Stallard’s technique evolved to the development of a 60Co radioactive scleral plaque. The technique revolutionized treatment and allowed vision to be preserved in patients with retinoblastoma.13 By 1966, Stallard was ready to report his results after treating over 100 cases of UM.14 A total of 99 of his patients were treated with 60Co-loaded circular, crescentic, or semicircular applicators that were sutured to the sclera over the neoplasm with a 1 mm margin. Most of the patients received a radiation dose of 20,000–40,000 R at the tumor base over 7–14 days.14 The optimal dose was still under trial. However, it was reported that a number of the tumors had been reduced to a flat, pigment-stippled scar. Cruess et al reported in 1984 that the “average” UM treated with 60CO-plaque therapy did not completely regress to a flat, depigmented scar, leaving concern that the remaining tumor may be viable and capable of metastasizing.15 In addition, 60Co plaques are high in energy and cannot be shielded effectively on their external surface.10 The result of this was significant radiation side effects on adjacent retina, choroid, optic nerve, lens, eyelids, and lacrimal apparatus. By 1985, cobalt plaques were no longer regularly used in London. Additional isotopes were subsequently explored for use during low-energy brachytherapy, including ruthenium 106 (106Ru) in Europe and iodine 125 (125I) in the US.
β-Radiation with 106Ru is currently the most commonly used radioisotope for brachytherapy in Europe. 106Ru was introduced by Peter Lommatzsch in the 1960s.16 It is a β-emitter, which allows it to be shielded and allows for limited depth of penetration. 106Ru applicators are manufactured commercially. 106Ru brachytherapy for UM provides excellent local control with low tumor-recurrence rates for tumors <7 mm in height.16–21 The limited range of penetration causes less damage to the eye, with better preservation of vision. 106Ru can be combined with other treatments, such as transpupillary thermotherapy or γ-emitting isotopes, such as 125I or 60Co.16 However, some caution is suggested when adopting 106Ru use in UM treatment centers familiar with 125I: high recurrence rates have been reported in applying Collaborative Ocular Melanoma Study (COMS) 125I-treatment plans to 106Ru plaques for UM brachytherapy.22
125I with γ-radiation is the most commonly used brachytherapy isotope in the US. In 1987, Packer examined the advantages of using gold 125I plaques in the treatment of posterior UM.23 The plaques were 4–6 mm larger than the estimated base diameter.24 Improvements in plaque design included recessing the 125I seeds and modifications to reduce stray radiation. These modifications were utilized in the design of the COMS plaque, which utilized an apex dose of 85 Gy in the trial.25 Custom-made plaques designed to specific tumor specifications are most often utilized in the US. Eye Physics plaques are descendants of the plaque designs used at the University of Southern California from 1980 to 2010. These plaques were originally prototyped for 192Ir seeds, and in the late 1980s were retired in favor of prototypes intended for 125I seeds. Eye Physics plaques compare favorably with COMS plaques in terms of adverse effects of radiation, metastasis, and local tumor recurrence.26 Nag et al demonstrated that a custom-made plaque can control medium-sized UM and that a 1 mm, rather than 2 mm, margin used in COMS is sufficient.27 The custom-made Nag plaque for 125I therapy compares favorably to the COMS plaque.28 COMS and other recent trials have demonstrated that 125I brachytherapy provides survival rates that are equal to enucleation.29,30 The 5-year local recurrence rate in the COMS was 10.3%, and even lower rates have been achieved.10,31 There are side effects associated with brachytherapy as a result of radiation delivered to adjacent structures. Almost 50% of patients develop radiation retinopathy. Other complications include optic atrophy, cystoid macular edema, cataracts, vitreous hemorrhage, central retinal vein occlusion, secondary glaucoma, and scleral necrosis.32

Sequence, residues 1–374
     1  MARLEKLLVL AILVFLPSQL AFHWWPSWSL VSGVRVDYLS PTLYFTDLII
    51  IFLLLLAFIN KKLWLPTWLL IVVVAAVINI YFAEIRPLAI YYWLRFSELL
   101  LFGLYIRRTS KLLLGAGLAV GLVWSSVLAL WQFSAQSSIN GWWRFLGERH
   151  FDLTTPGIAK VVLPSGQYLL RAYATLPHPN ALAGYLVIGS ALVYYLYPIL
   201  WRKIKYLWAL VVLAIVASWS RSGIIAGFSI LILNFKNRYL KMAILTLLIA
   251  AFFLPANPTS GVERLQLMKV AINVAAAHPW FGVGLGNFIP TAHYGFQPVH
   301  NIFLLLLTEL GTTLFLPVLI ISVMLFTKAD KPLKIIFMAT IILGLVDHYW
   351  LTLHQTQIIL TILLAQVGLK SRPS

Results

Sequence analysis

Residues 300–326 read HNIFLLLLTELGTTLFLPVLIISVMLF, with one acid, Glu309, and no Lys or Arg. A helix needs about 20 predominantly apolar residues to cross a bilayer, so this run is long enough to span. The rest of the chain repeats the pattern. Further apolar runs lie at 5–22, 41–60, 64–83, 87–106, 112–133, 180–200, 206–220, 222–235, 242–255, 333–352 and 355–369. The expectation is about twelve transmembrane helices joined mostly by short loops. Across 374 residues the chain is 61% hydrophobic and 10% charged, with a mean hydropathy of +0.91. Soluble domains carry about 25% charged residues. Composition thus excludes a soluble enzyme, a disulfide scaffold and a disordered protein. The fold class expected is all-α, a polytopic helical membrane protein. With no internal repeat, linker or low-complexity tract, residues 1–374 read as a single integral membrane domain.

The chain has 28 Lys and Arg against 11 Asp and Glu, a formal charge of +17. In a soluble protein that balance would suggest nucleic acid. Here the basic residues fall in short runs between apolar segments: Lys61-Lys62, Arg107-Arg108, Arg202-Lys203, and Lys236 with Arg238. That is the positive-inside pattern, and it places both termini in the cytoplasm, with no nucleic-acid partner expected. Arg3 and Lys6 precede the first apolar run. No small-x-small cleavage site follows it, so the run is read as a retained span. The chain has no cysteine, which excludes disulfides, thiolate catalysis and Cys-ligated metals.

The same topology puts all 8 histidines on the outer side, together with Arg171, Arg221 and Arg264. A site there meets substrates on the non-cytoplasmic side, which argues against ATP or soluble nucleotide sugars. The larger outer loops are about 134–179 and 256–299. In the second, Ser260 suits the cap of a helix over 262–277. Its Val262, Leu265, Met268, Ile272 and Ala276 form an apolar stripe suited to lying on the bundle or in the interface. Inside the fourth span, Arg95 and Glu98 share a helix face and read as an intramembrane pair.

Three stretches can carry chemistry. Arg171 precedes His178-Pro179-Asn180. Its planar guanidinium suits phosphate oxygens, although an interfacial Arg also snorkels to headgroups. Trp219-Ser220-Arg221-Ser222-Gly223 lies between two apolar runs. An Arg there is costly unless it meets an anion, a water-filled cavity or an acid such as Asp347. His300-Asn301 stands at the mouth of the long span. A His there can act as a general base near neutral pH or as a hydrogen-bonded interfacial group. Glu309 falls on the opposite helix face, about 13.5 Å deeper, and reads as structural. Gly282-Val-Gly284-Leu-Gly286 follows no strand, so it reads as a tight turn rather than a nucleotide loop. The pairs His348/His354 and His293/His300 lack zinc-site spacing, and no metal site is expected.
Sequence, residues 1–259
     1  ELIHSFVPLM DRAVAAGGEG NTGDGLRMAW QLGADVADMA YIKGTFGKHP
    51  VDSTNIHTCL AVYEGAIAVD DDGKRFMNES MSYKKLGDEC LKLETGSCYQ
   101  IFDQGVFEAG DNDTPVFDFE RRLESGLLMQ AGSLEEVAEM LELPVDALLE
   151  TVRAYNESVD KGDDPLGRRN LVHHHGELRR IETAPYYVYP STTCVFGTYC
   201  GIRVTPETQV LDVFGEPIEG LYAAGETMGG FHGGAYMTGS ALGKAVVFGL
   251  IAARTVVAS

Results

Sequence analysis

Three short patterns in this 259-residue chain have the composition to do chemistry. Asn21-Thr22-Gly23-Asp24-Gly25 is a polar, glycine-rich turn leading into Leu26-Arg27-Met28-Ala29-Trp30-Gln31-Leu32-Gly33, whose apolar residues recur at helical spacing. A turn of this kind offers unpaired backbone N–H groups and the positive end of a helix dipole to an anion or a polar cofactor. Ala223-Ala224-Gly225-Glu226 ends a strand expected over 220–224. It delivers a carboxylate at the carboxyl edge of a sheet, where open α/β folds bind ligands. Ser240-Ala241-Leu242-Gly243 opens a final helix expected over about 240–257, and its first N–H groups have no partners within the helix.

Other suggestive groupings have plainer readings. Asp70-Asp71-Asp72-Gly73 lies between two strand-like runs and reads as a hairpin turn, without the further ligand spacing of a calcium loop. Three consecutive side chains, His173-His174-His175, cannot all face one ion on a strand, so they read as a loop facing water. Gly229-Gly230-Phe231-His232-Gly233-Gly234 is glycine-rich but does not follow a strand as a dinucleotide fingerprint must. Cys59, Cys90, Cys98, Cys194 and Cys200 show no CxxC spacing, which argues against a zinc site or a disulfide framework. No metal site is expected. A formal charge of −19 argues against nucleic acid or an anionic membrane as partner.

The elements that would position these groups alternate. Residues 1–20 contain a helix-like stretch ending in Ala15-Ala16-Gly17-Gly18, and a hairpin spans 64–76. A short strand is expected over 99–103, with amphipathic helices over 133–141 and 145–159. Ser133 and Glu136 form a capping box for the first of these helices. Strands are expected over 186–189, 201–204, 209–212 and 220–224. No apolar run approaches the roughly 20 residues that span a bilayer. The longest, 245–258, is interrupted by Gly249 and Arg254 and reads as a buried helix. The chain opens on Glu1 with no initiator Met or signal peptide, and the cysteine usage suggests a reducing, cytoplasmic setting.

COMS established 125I as the most common and widely used radionuclide for treatment of UM in 1985. Palladium 103 (103Pd) seeds became available for the treatment of cancer 4 years later.33 103PD emits lower-energy photons (21 KeV) than 125I, which would potentially shift energy away from normal ocular structures.34,35 In 2009, Finger et al looked at outcomes in 400 patients with UM treated with 103Pd-plaque therapy. Patients were given a mean apical radiation dose of 73.3 Gy.36 The study found that for an equivalent apex dose, 103Pd-treated UM tissue received more radiation than 125I-treated UM. However, 103Pd photons are more rapidly absorbed by the vitreous, and thus decrease the risk of macular retinopathy. The study reported favorable visual acuity and local control when compared with 125I and 106Ru.36 The cost of 125I and 103Pd plaques is roughly the same for insured patients in the US. For self-pay patients, a 103Pd seed is more expensive than an equivalent 125I seed, although fewer 103Pd seeds are typically required in each plaque.36,37